For example, Sir Donald recommends “that the directors’ Risk Report should be published prior to the audit committee meeting at which the scope of the next audit is determined and endorsed, leaving sufficient time for shareholders to comment … [with] … a formal invitation to shareholders to express any requests they have regarding the areas of emphasis they wish the auditor to incorporate in the audit plan. The audit committee should state the auditor’s proposed materiality levels for the forthcoming audit with this invitation” and “the audit committee and the auditor [should] be required to publish the reasons why they accepted or rejected any such requests in their Reports”. Past experience suggests that there will be little appetite from shareholders to comment on the risk report, particularly at a busy time of the year, and that this recommendation may not have the effect intended.
Sir Donald recommends “that the audit committee should describe the content of the debate [regarding differences of view between management and auditors] and its outcome, including the justification for the agreed treatment. For example, where the differences of view would have led to material changes in valuation, even when these differences have been resolved, the audit committee should report on the range of the initial views and where in that range the agreed valuation lies”.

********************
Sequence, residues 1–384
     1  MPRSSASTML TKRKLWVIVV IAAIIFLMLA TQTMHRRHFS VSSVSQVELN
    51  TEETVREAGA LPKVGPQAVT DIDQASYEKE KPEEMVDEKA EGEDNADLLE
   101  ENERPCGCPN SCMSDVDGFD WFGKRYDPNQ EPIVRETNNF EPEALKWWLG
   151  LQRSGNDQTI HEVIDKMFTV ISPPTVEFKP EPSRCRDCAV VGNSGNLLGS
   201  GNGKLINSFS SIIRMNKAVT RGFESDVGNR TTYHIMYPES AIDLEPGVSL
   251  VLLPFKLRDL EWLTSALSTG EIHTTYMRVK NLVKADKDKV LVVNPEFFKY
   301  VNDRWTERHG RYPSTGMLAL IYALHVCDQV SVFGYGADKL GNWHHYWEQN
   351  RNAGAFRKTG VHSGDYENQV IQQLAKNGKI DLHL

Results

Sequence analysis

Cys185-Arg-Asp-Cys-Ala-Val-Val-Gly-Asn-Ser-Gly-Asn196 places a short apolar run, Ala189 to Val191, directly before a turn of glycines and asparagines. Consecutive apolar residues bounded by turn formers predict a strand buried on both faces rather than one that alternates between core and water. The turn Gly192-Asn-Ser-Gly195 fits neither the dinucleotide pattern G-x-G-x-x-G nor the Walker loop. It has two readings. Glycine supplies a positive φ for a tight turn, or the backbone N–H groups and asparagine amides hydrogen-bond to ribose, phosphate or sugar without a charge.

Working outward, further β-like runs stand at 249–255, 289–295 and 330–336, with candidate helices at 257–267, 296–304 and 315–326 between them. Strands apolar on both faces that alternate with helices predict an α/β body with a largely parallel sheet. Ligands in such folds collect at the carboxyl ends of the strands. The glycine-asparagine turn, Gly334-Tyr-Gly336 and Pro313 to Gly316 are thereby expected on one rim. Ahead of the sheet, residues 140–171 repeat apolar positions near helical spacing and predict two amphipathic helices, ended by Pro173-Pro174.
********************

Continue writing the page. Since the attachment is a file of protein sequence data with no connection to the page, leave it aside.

Sir Donald recommends “that the Government gives serious consideration to mandating a UK Internal Controls Statement consisting of a signed attestation by the CEO and CFO to the Board that an evaluation of the effectiveness of the company’s internal controls over financial reporting has been completed and whether or not they were effective, as in SOX 302(c) and (d). This attestation should be received by the Board no later than 28 days before the accounts of the company for the relevant financial period are signed. The Board should then report to shareholders that it has received such an attestation.”
The idea of a UK version of Sarbanes Oxley legislation is one that has been suggested from a number of quarters and is one to which we shall return in a future edition of Governance and Compliance.